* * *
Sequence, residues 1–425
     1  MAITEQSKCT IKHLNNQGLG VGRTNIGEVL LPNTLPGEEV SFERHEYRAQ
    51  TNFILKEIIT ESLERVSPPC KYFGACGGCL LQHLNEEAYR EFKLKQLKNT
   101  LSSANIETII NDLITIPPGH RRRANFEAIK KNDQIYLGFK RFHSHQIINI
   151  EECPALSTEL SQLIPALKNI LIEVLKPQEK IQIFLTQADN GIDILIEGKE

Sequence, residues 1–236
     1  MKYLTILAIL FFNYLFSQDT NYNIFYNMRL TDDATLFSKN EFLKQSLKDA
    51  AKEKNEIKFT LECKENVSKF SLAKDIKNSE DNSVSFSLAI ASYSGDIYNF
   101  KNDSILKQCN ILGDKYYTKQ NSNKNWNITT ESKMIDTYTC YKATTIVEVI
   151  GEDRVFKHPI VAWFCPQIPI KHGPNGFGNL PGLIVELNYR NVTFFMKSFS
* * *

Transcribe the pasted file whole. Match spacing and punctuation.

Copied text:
Sequence, residues 1–425
     1  MAITEQSKCT IKHLNNQGLG VGRTNIGEVL LPNTLPGEEV SFERHEYRAQ
    51  TNFILKEIIT ESLERVSPPC KYFGACGGCL LQHLNEEAYR EFKLKQLKNT
   101  LSSANIETII NDLITIPPGH RRRANFEAIK KNDQIYLGFK RFHSHQIINI
   151  EECPALSTEL SQLIPALKNI LIEVLKPQEK IQIFLTQADN GIDILIEGKE

Sequence, residues 1–236
     1  MKYLTILAIL FFNYLFSQDT NYNIFYNMRL TDDATLFSKN EFLKQSLKDA
    51  AKEKNEIKFT LECKENVSKF SLAKDIKNSE DNSVSFSLAI ASYSGDIYNF
   101  KNDSILKQCN ILGDKYYTKQ NSNKNWNITT ESKMIDTYTC YKATTIVEVI
   151  GEDRVFKHPI VAWFCPQIPI KHGPNGFGNL PGLIVELNYR NVTFFMKSFS